American Well, Consult A Doctor Unveil iPhone Telehealth Apps

 
 
By Brian T. Horowitz  |  Posted 2012-04-30 Email Print this article Print
 
 
 
 
 
 
 

American Well's new Online Care 6.0 platform adds mobile functionality, and Consult A Doctor is demonstrating a new telehealth app for the iPhone.

As the American Telemedicine Association conference (ATA 2012) kicks off in San Jose, Calif., American Well Systems and Consult A Doctor are both taking remote care mobile. American Well has unveiled a mobile app as part of version 6.0 of its Online Care cloud-based platform, and Consult A Doctor is demonstrating a new iPhone app at the conference.

American Well's Online Care 6.0 platform, introduced April 30, allows doctors to make house calls using the Apple iPhone, iPad or iPod Touch. The app currently supports voice-based consultations and will offer two-way video by later this summer. The company will add an Android version later this year as well.

Doctors can use the mobile application to monitor online waiting rooms as well as send and receive secure messages, American Well reported.

"Many of the issues that prevented patients from using the system literally go away with mobile," Dr. Roy Schoenberg, CEO of American Well, told eWEEK. He noted that with Web sessions, patients may lack a Webcam, microphone or speaker, but all of these components are built into mobile phones.

"It's full-blown connectivity built into one handheld device," said Schoenberg. "We are extending the reach of our services literally to the fingertips of patients."

The mobile telehealth app could allow caregivers in emergency rooms, community health centers and pharmacies to connect remotely with patients, Schoenberg noted.

American Well's PC-based Online Care version also now connects to remote medical devices, including derma cams, ophthalmoscopes, stethoscopes, otoscopes and spirometers, which measure the volume of air in the lungs as patients inhale and exhale.

Online Care 6.0 also adds the ability to do a "warm transfer," or transfer the connection from one provider to another specialist. For a diabetic patient, a telehealth session could transition from an endocrinologist to a nutritionist, said Schoenberg.

A management engine, or real-time switchboard, allows doctors to port patients through the American Well network, he said.

In addition, Online Care 6.0 enables patients to connect with providers in one click without enrolling or logging in, according to American Well.

Insurers, such as WellPoint, UnitedHealth Group and several Blue Cross, units have integrated American Well's Online Care service into their health plans. In addition, the Department of Veterans Affairs and pharmacies, such as Rite Aid, have adopted American Well's technology.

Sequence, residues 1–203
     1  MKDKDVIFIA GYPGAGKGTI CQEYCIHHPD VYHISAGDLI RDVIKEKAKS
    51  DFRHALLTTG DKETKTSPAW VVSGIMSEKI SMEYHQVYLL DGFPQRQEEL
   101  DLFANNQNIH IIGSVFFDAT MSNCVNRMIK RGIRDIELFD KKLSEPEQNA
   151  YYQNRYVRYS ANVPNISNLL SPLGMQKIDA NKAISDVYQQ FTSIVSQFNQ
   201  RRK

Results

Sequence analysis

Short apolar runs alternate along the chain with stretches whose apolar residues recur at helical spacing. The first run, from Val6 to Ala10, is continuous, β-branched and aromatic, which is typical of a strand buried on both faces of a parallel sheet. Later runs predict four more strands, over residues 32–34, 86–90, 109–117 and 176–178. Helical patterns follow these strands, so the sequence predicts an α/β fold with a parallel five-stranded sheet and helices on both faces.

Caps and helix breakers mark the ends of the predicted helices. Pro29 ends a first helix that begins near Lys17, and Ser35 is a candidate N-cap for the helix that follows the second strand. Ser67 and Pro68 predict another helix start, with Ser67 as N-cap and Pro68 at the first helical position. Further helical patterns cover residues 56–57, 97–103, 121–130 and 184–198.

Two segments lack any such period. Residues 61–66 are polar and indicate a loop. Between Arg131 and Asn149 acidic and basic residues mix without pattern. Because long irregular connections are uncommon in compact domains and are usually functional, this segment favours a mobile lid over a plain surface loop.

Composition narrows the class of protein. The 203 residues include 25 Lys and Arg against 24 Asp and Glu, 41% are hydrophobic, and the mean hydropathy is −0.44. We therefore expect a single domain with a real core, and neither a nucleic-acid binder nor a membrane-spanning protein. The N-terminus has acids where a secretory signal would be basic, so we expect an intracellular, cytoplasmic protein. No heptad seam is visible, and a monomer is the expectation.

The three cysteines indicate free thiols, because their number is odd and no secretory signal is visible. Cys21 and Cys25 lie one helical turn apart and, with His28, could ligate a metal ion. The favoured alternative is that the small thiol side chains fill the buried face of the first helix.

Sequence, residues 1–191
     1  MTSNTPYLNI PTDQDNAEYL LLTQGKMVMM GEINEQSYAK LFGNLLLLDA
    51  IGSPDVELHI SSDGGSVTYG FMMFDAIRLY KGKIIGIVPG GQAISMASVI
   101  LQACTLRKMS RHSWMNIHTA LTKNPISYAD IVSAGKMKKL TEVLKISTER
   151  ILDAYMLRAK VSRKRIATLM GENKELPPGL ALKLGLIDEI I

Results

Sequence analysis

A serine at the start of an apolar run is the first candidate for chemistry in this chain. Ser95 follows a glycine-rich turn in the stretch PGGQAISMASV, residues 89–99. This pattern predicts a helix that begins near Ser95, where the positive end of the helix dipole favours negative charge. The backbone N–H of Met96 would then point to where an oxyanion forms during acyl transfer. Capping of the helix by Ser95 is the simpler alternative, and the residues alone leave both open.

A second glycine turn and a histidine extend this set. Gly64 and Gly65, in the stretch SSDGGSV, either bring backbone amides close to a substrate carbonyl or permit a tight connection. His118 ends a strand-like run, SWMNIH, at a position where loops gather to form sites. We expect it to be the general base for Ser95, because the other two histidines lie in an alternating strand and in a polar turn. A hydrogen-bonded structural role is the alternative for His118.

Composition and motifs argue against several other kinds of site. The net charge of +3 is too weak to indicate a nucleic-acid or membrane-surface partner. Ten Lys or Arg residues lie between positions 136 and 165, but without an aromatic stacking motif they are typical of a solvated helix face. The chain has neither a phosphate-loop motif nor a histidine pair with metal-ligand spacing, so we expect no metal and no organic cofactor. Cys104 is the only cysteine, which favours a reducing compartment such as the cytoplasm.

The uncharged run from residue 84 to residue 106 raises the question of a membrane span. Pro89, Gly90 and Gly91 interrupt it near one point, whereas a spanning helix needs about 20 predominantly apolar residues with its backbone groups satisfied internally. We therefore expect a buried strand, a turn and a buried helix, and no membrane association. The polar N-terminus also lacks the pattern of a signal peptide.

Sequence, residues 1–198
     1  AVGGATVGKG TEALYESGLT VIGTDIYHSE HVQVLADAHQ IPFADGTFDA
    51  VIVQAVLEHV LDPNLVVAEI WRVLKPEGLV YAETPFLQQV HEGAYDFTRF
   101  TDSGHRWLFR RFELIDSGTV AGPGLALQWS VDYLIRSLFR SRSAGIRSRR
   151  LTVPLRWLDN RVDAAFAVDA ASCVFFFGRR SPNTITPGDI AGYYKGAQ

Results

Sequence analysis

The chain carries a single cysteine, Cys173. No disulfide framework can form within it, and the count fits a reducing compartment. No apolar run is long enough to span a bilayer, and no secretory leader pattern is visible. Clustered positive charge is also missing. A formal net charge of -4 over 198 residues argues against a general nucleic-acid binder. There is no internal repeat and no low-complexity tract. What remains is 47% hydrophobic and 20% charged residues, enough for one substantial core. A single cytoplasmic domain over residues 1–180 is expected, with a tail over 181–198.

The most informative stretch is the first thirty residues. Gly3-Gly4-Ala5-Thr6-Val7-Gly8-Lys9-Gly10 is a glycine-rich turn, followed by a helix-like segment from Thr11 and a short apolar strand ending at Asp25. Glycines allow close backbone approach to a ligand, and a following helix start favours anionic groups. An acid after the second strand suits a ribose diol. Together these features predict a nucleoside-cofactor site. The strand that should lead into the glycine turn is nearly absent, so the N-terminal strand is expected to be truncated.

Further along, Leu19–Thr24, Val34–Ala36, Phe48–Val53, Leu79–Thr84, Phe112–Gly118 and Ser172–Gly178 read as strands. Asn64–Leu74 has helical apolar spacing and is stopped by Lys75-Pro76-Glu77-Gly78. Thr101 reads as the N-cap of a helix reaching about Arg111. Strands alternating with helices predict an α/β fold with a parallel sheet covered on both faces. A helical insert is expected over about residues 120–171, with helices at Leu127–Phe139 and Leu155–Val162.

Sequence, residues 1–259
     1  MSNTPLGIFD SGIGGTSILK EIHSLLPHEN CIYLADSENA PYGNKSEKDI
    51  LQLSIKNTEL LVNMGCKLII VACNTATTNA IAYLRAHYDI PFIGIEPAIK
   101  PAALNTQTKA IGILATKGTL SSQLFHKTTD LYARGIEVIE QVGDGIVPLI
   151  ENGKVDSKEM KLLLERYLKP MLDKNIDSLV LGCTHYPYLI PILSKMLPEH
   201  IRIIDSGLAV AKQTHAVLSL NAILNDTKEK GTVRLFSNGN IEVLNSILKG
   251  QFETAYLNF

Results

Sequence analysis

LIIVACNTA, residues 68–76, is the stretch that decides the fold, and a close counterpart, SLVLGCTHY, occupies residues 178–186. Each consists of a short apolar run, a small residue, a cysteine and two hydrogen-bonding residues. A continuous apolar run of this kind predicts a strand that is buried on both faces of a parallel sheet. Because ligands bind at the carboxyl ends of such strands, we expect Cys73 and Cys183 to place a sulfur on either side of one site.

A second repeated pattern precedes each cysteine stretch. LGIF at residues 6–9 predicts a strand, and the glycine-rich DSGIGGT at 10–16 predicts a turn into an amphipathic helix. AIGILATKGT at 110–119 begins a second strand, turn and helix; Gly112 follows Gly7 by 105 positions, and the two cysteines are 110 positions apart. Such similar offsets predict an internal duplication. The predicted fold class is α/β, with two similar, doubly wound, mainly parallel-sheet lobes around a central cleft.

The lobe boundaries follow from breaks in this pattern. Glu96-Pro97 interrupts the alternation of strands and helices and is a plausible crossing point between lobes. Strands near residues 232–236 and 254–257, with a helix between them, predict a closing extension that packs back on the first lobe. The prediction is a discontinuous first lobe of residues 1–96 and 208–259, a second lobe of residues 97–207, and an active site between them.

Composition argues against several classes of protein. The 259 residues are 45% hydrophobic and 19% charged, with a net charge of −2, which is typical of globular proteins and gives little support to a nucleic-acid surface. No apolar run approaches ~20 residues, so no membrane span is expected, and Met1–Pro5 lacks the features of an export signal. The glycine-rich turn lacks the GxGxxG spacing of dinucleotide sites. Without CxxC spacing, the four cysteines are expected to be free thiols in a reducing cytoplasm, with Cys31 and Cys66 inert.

Meanwhile, at ATA 2012 another telehealth vendor, Consult A Doctor, is showing a beta iPhone version of its service that will be unveiled officially in the coming weeks. The app allows doctors and patients to connect to telehealth sessions in the cloud on the iPhone.
Patients can connect to the Consult A Doctor 24/7 provider network using the app.

"Once you log in, you'll be able to talk to a doctor in 90 seconds, securely email and receive messages in the app and communicate securely on the go," Wolf Shlagman, founder and CEO of Consult A Doctor, told eWEEK.

The iPhone app allows patients to hold sessions with doctors, as well as access a health library and lab reports on a secure connection.

At the foundation of Consult A Doctor's telehealth service is its TeleCare 3.0 cloud-based platform, which the company licenses to hospitals, clinics, physician practices and health plans.

Although the iPhone app doesn't support video yet, the company plans to add it in the future. Consult A Doctor has an Android version in the works for later this year as well.

Some of the app's messaging capabilities work on the iPad, but Consult A Doctor anticipates that voice capabilities for the app will be added on the tablet in the future, said Shlagman. The Consult A Doctor app will initially be used by its core members and will later be rolled out broadly to consumers, said Shlagman.

A mobile telehealth app could be useful for patients traveling abroad, Shlagman noted. In addition, by holding a consultation with a doctor remotely, patients need not take off from work, he said. Some health plans are waiving co-payments for in-person doctors' visits if patients try a telehealth service first, said Shlagman.

Audio from Consult A Doctor telehealth sessions is recorded and added to patients' electronic health records (EHRs).

 


 
 
 
 
Brian T. Horowitz is a freelance technology and health writer as well as a copy editor. Brian has worked on the tech beat since 1996 and covered health care IT and rugged mobile computing for eWEEK since 2010. He has contributed to more than 20 publications, including Computer Shopper, Fast Company, FOXNews.com, More, NYSE Magazine, Parents, ScientificAmerican.com, USA Weekend and Womansday.com, as well as other consumer and trade publications. Brian holds a B.A. from Hofstra University in New York.

Follow him on Twitter: @bthorowitz

 
 
 
 
 
 
 

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